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Tuesday, October 21 2014 @ 03:41 AM CDT

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Standards and the Status Quo

Open Source/Open Standards

Have you discovered The Alexandria Project?

In an otherwise useful essay on the convergence of open standards and open source software development efforts, Adobe's Dave McAllister makes a statement that's worth challenging, since it reiterates a common misconception. In the opening of his essay, Dave states:

Standards are designed to stabilize a technology or interface, package or connection. Open source is driven by continual development. Standards tend to update and publish on a schedule measured in years, while open source updates and publishes in sometimes days. Standards drive the status quo. Open source  (often) drives innovation.

The first part of that statement is crucially accurate: the value of a standard derives entirely from the industry agreeing to freeze some element of technology or interface.  But the later statement that "Standards drive the status quo" at the expense of innovation is misleading at best.

Standards do anything but drive the status quo – they enable new devices and networks to become possible that never did before the standards were agreed upon.

 

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In fact, standards drive radically more innovation than perhaps any other tool at our disposal. What standards “freeze” is not innovation, but base layers of technology that allow unlimited innovation above that layer. Without standards, there would be no Internet, no Web, no WiFi enabled devices, no telecommunications, no mobile devices. The only things frozen in the Internet and Web are the protocols that allow them to exist. After that, the sky’s the limit. Stated another way, without interoperability standards, network-based systems couldn’t exist at all. That’s a very small tradeoff in innovation.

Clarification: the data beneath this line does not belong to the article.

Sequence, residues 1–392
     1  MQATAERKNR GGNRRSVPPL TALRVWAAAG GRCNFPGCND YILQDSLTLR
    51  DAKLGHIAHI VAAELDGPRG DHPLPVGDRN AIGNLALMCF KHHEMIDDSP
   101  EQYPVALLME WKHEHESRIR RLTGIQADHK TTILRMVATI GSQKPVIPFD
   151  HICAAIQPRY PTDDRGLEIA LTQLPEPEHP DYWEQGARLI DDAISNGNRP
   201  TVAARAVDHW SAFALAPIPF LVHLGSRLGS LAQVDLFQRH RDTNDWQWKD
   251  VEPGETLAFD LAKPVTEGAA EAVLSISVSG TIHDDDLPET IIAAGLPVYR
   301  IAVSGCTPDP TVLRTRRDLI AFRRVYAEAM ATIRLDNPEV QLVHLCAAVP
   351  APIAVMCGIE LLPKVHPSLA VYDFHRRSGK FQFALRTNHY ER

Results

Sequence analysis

In point of fact, the only reason that antitrust and competition regulators allow head to head competitors to get together in closed rooms and agree to do things the same way is because the practice enables innovation, rather than perpetuates the status quo.  Absent these anticipated benefits, such actions would not only violate civil law, but criminal law as well.

There is, of course, one way that standards can stifle innovation. That can occur when the wrong standards are set.  Decisions made in setting standards should be very carefully made, since the consequences must often be lived with for a very long time (think railway gauges). But that’s where making sure that the organizations that create them have the right type of open processes comes in. 

Contrast, for example, a standard created within a respected standards development organization like the W3C. Now imagine a "de facto" standard created and owned by a single vendor that has become dominant in the marketplace.

In the former case, any interested stakeholder can become involved in the initial creation of the standard, and in its later updating to meet the evolving needs of the marketplace.  In the latter, to the extent that the standard changes, it changes to meet the unique needs of the owner of the standard, which first and foremost will be to maintain its position of dominance.

So the moral of the story is this: open standards allow innovation to flourish, while proprietary standards not only preserve the status quo, but lock up the marketplace in a proprietary dungeon as well.


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